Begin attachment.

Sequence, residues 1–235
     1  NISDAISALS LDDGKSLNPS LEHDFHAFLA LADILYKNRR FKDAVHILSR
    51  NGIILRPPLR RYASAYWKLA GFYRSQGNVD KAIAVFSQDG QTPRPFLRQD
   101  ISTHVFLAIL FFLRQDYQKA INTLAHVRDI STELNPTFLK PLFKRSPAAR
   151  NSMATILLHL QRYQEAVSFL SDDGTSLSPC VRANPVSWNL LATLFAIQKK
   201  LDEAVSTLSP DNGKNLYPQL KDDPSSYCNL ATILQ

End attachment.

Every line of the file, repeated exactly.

Sequence, residues 1–235
     1  NISDAISALS LDDGKSLNPS LEHDFHAFLA LADILYKNRR FKDAVHILSR
    51  NGIILRPPLR RYASAYWKLA GFYRSQGNVD KAIAVFSQDG QTPRPFLRQD
   101  ISTHVFLAIL FFLRQDYQKA INTLAHVRDI STELNPTFLK PLFKRSPAAR
   151  NSMATILLHL QRYQEAVSFL SDDGTSLSPC VRANPVSWNL LATLFAIQKK
   201  LDEAVSTLSP DNGKNLYPQL KDDPSSYCNL ATILQ